Americans Have Always Been Hesitant Essay
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Kerr's management strategy on campus only emboldened the New Left.
In addition to the Free Speech movement, the New Left included other student organizations including Student Non-Violent Coordinating Committee (SNCC), Congress on Racial Equality (CORE), and the Students for a Democratic Society (SDS). The former focused on the antiwar efforts to end the Vietnam conflict, placing the students in direct conflict with many of America's most powerful institutions and organizations. Sit-ins, and other non-violent protest tactics were used to gain media coverage as well as to effect real change. The increasing awareness of how the War in Vietnam was proceeding caused the New Left to grow dramatically, providing a credible opposition to the Department of Defense. As Zinn points out, an increasingly large proportion of Americans ceased affiliating with either the Democratic or Republican parties, expressing opposition to the core institutions of government that led to injustices like those being witnessed in Vietnam. Faith in government was eroding fast during the 1960s, paving the way well for the upheaval and turmoil that characterized the 1970s. The New Left was successful in raising awareness of core political issues, gaining traction for Civil Rights, and poking holes in New Right logic. However, the New Left lacked political cohesion and more importantly, sponsorship from big business or big religion. This meant that the New Left became a series of scattered political activist organizations including environmentalist groups and civil liberties organizations, whereas the New Right infiltrated the upper echelons of politics. The failure of the New Left to coalesce led to a kind of political impotence. The New Right proved eminently successful in infiltrating every level of American political culture and society.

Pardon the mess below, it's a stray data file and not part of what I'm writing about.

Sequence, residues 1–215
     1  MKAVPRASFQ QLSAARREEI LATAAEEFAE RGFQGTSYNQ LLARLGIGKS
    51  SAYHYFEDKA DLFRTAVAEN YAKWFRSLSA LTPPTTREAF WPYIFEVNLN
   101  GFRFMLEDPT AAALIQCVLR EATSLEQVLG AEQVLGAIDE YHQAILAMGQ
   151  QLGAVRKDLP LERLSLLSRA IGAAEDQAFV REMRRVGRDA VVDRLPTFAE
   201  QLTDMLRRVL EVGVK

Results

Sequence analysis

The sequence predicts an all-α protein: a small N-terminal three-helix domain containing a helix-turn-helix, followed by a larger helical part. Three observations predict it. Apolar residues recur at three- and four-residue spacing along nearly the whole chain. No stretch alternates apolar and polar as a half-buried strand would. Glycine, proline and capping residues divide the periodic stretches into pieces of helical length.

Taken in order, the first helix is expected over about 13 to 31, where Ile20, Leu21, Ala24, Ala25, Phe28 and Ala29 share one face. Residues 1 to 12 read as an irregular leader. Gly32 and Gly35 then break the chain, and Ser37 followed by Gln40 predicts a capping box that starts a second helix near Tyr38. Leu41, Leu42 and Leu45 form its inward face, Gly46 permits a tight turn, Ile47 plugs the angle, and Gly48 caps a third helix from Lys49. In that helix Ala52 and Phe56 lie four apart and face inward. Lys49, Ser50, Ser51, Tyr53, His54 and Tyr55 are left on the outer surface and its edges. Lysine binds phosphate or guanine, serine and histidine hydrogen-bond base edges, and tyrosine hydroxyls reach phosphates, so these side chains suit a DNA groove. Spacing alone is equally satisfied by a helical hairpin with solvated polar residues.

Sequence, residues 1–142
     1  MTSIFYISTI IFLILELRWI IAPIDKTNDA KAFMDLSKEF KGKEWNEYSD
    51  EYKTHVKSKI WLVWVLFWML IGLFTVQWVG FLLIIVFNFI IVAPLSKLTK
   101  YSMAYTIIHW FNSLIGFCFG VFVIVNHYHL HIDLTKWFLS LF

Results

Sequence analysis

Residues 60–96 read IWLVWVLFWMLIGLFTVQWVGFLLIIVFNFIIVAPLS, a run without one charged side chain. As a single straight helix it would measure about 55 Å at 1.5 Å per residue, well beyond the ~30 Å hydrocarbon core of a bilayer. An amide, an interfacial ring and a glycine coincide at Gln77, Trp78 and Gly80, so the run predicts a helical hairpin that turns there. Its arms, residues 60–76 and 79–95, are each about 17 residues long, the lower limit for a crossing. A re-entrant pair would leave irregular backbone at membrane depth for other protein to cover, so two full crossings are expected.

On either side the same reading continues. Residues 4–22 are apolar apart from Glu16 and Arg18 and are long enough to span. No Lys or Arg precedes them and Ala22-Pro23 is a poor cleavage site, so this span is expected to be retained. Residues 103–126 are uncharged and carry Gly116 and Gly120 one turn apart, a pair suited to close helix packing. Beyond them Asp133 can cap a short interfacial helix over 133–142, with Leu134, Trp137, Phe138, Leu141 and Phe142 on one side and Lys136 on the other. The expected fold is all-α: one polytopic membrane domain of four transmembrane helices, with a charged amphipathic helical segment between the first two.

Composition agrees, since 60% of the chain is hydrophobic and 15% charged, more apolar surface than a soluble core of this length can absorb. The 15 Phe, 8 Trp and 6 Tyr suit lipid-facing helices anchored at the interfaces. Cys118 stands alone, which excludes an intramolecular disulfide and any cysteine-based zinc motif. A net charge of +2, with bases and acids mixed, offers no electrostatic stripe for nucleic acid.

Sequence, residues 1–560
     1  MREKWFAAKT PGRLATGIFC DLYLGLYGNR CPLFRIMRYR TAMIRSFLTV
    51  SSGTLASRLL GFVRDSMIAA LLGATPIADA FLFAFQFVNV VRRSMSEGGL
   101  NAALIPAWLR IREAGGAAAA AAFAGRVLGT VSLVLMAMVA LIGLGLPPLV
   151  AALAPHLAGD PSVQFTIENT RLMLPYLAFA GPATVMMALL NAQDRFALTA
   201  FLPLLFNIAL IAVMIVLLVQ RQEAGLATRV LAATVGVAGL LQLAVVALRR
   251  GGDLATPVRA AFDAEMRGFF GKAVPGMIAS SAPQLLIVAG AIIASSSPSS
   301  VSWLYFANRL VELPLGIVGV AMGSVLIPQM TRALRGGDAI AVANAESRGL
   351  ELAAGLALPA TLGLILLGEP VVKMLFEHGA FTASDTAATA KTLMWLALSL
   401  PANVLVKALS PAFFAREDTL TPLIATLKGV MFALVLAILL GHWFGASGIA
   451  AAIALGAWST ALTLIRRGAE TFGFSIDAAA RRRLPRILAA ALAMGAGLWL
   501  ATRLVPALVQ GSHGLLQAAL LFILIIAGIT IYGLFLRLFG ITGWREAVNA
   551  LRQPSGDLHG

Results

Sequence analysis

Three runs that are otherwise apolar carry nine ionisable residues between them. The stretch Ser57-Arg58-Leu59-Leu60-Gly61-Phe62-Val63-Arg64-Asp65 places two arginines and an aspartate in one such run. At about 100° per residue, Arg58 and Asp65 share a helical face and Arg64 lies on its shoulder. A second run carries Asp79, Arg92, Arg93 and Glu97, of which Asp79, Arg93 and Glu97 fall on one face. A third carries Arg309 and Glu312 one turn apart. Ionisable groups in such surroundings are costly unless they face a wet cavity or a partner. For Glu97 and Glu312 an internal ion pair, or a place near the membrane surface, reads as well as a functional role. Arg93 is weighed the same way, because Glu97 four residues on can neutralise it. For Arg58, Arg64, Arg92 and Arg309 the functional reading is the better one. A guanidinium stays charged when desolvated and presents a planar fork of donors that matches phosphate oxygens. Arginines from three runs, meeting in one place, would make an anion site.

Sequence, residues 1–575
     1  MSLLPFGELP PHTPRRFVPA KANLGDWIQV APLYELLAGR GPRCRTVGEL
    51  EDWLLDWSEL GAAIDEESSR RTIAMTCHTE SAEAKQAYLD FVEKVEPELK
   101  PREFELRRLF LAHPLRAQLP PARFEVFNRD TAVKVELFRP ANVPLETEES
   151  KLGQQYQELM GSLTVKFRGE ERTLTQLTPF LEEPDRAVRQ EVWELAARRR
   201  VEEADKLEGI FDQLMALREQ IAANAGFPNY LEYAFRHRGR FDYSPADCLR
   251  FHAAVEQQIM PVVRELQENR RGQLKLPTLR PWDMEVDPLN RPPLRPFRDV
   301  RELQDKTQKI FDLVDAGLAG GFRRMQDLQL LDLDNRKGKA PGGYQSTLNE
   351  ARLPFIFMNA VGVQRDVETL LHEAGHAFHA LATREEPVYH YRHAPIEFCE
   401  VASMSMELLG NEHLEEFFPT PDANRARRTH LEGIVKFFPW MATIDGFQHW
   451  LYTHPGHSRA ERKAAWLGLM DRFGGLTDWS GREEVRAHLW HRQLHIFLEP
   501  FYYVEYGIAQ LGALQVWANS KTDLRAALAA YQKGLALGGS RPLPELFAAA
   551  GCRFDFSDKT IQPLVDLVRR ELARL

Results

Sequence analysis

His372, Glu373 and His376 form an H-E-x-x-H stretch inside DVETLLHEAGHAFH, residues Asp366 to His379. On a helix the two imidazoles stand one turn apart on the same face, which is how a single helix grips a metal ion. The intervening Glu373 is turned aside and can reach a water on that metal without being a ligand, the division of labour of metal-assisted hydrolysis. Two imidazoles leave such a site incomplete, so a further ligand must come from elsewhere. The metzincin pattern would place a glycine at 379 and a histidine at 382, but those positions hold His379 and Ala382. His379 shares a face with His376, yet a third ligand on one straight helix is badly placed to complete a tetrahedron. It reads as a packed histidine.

Toward the end of the century, yet another division between left and right started to emerge on the heels of
the New Left and New Right. The neoconservative and neoliberal movements were qualitatively different than what had come before. The neoconservative movement was an amalgamation of libertarianism and militarization, culminating in the presidency of George W. Bush. The neoliberals and the New Democrats found their voice in President Clinton. There were far more similarities between the neoconservatives and neoliberals than there were between the New Left and the New Right. As Kinzer (2006) points out, American intervention in foreign countries was something that both Democrats and Republicans started to engage in, due to the fact that the genuinely Left elements of society had become politically marginalized. If Jimmy Carter represented some of what the New Left had to offer, Clinton encapsulated neoliberalism. Neoliberals were pro-business, and lacked the grassroots and socialist themes that characterized the New Left. Neoconservatives likewise diverged from the New Right, particularly in the willingness to distance the conservative movement from the Moral Majority and other Christian fundamentalist organizations. This did not mean that Christian fundamentalism did not fuel neoconservatives; just that the Right was taking a different strategy toward accomplishing its goals. Likewise, the neoliberals represent political centrism, thus marginalizing those farther left of center.
Foner, E, 2011. Give Me Liberty! Norton.
"The free-speech fight that shaped the New Left." Workers' Liberty. Retrieved online: http://www.workersliberty.org/story/2008/02/09/free-speech-fight-shaped-new-left
Heilbrun, J., 1997. "The New Democrats. New Republic. Retrieved online: http://www.newrepublic.com/article/93596/democratic-leadership-council-al-from#
Kinzer, S. Overthrow: America's Century of Regime Change. New York: Henry Holt.
Lyons, Paul, 1996, New Left, New Right, and the Legacy of the Sixties. Temple University Press.
Ruhaak, Marty, 2003. New Left beginnings: The Free Speech Movement at Berkeley in 1964. Retrieved online: http://castle.eiu.edu/historia/archives/2003/Ruhaak.htm
U.S. History, 2013. 58e. The New Right. Retrieved online: http://www.ushistory.org/us/58e.asp
Zinn, H., 2003. The Twentieth Century. New York: Harper Collins.
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